3. This leaf is incubated for 5 h with 10 µM EdU in small chambers (details of which have been previously mentioned) designed for labeling physiologically active leaves, taking care that the 2 cm area below the infection mark which is actively colonized is well immersed (Figure 1A). The labeling is done in the temperature controlled greenhouse to ensure the active imbibition of EdU into the leaf cells.


      Figure 1. A. Labeling of EdU in a maize seedling to detect S phase cells in infected leaves. B. An image of the EdU labeling chamber with the lid (Left), The lid of the chamber removed for insertion of the seedling sample (Right). C. Cell division events observed in a maize seedling infected by U. maydis wild-type strain SG200 at 4 dpi. (Left) EdU incorporation into a cell will result in equally labeled contiguous daughter cells after cell division as indicated by yellow arrows. (Right) The mitotic events are nicely preserved by this EdU method of labeling (scale bars = 25 µm).

    4. After 5 h of labeling, the 2 cm area below the syringe mark on the leaves is detached and fixed in 100% (v/v) ethanol. The material is collected in 15 ml Falcon tubes. This area of the maize leaf shows maximum colonization with U. maydis as it shows chlorosis to small tumorous symptoms at 4dpi.

    For tassel samples
    1. U. maydis tassel infections are performed by a syringe inoculation method by delivering 1 ml of sporidial inoculum as previously described (Walbot and Skibbe, 2010).
    2. For the tassel tissues the EdU labeling assay is done at 3 dpi, to capture the mitotically active anthers before they switch to meiosis.
    3. At 3 dpi the immature infected tassel (anther size approx. 1-1.5 mm; Figure 2) is bathed with 1 ml of 20 µM EdU after delivery.


      Figure 2. Immature maize tassel at time point of EdU treatment

    4. The injected EdU enters through the small air spaces between the external organs of the spikelets and reaches anthers over the labeling time of 5 h.
    5. After the labeling procedure, the tassel is dissected out and around 150 anthers from different parts of the tassel were collected to ensure random sampling with equal probability of labeled anthers and fixed in 100% (v/v) ethanol 5 h after labeling.

  3. Permeabilization and staining of labeled EdU
    1. The EdU staining procedure is done as described by implementation of a modified protocol (Kelliher and Walbot, 2011). For seedling samples, approx. 1 cm pieces of the collected tissues which are fixed in ethanol are used. For tassel samples, around 100 individual anthers from different parts of the tassel are used. The labeling procedure is done in 2 ml microcentrifuge tubes for seedling and anther samples.
    2. The fixed samples in ethanol are washed once with fresh 100% (v/v) ethanol followed by two washes in PBS (pH 7.4) + 2% (w/v) BSA. More washes with the PBS buffer are helpful for complete removal of chlorophyll from the seedling samples.
    3. The samples are then transferred to permeabilization solution [PBS +1% (v/v) Triton X-100] at room temperature for 20 min with rocking for 50-60 rotations per minute (rpm)/min. This step can also be done on a regular shaker with same rpm. Triton treatment results in active nuclear staining and is compatible with EdU co-staining. It is known to prevent cell shrinkage and quick penetration of the fixative to allow better preservation of mitotic stages (Kotogany et al., 2010). The image representation of a cell stained with EdU and showing the well preserved mitotic event is shown in Figure 1B.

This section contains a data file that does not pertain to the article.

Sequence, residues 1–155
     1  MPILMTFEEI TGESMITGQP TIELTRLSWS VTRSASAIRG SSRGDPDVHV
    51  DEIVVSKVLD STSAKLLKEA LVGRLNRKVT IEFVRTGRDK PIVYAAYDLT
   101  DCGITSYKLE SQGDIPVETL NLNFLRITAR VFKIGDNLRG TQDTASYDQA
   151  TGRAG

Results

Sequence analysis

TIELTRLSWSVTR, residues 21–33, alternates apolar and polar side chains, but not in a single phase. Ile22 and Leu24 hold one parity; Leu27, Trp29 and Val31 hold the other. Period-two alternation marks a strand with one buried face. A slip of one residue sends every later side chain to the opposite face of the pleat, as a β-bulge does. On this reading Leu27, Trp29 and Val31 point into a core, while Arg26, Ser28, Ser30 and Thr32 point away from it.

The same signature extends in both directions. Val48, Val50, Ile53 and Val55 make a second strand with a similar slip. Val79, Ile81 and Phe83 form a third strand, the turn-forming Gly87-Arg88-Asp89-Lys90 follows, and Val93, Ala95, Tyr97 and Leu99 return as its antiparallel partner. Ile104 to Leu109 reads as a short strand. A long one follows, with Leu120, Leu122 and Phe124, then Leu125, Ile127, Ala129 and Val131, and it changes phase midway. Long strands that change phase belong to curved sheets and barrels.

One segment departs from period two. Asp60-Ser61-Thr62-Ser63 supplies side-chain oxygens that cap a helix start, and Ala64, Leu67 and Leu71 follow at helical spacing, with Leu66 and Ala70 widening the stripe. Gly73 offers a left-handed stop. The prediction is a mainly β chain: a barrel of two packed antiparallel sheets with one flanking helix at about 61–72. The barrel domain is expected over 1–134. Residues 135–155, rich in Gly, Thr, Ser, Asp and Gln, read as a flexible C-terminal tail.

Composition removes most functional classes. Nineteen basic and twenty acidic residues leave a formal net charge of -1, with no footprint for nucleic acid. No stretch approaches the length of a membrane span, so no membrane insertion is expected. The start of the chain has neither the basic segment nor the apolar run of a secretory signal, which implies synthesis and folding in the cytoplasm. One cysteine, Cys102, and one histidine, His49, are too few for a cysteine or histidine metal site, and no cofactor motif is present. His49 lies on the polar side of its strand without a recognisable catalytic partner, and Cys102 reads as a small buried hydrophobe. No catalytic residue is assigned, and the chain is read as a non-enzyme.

4. The samples are washed twice in PBS + 2% (w/v) BSA then directly incubated for 30 min at room temperature with EdU Click-IT cocktail for detection. E.g. for approx. 2.5 ml EdU cocktail the following components were added (Click iT EdU reaction buffer - 2.2 ml; CuSO4 -100 µl; Alexa Fluor azide - 6 µl; Reaction buffer additive - 250 µl). For the seedling samples 500 µl of this cocktail solution was used in each transparent microcentrifuge tube where as for anthers this corresponded to 100 µl.
    5. The EdU reaction cocktail is also supplemented with 20 μg/ml Propidium iodide (PI). This is mainly to co-stain the fungal hyphae and the non dividing host cell nuclei.
    6. This EdU reaction cocktail is then incubated at room temperature for 50 min and then vacuum infiltrated at 250 millibar 3 times for 5 min each along with a regular interval of 5 min with atmospheric pressure.
    7. After the infiltration, the samples are washed twice in PBS (pH 7.4) + 2% (w/v) BSA, transferred to new PBS (pH 7.4), and can be kept at 4 °C in the dark (up to several days) before imaging.

  4. Microscopy of the EdU labeled leaves and anthers
    All confocal analysis may be performed on a TCS SP5 confocal laser scanning microscope, or a comparable device. The laser channels used for confocal fluorescence analysis of excitation and detection wavelengths are summarized in Table 1.

    Tabel 1. Lasers used and the excitation and detection wavelength
    Detection
    Excitation wavelength
    Detection wavelenth
    Pinhole used
    EdU coupled to WGA AF488
    488 nm
    490-540 nm
     ~ 90 µm
    Propidium iodide
    561 nm
    570-640 nm
     ~ 90 µm

    All the images taken by the Leica TCS SP5 Confocal microscope were processed and analyzed by the Leica Imaging Software.

Recipes

  1. Bovine serum albumin (BSA) (2%) in PBS (pH 7.4)
    Add 20 g of BSA to 1 L of PBS buffer (pH 7.4)
  2. Propidium iodide stock solution
    10 mg/ml in PBS (storage in the dark at -20 °C). This stock solution is directly added to the EdU reaction cocktail to include the co-stain in working concentration.

Acknowledgements

Our work was funded by the Max Planck Society, the Deutsche Forschungsgemeinschaft (DFG), the Deutscher Akademischer Austauschdienst (DAAD) and the Cluster of Excellence on Plant Science (CEPLAS). The protocol is adapted from Kelliher and Walbot (2011) and Redkar et al. (2015).

References

  1. Kelliher, T. and Walbot, V. (2011). Emergence and patterning of the five cell types of the Zea mays anther locule. Dev Biol 350(1): 32-49.
  2. Kotogany, E., Dudits, D., Horvath, G. V. and Ayaydin, F. (2010). A rapid and robust assay for detection of S-phase cell cycle progression in plant cells and tissues by using ethynyl deoxyuridine. Plant Methods 6(1): 5.
  3. Redkar, A. and Doehlemann, G. (2015). Ustilago maydis virulence assays in maize. Bio-protocol 6(6): e1760.
  4. Redkar, A., Hoser, R., Schilling, L., Zechmann, B., Krzymowska, M., Walbot, V. and Doehlemann, G. (2015). A secreted effector protein of Ustilago maydis guides maize leaf cells to form tumors. Plant Cell 27(4): 1332-1351.
  5. Walbot, V. and Skibbe, D. S. (2010). Maize host requirements for Ustilago maydis tumor induction. Sex Plant Reprod 23(1): 1-13.


How to cite: Redkar, A. and Doehlemann, G. (2016). EdU Based DNA Synthesis and Cell Proliferation Assay in Maize Infected by the Smut Fungus Ustilago maydis. Bio-protocol 6(6): e1761. DOI: 10.21769/BioProtoc.1761; Full Text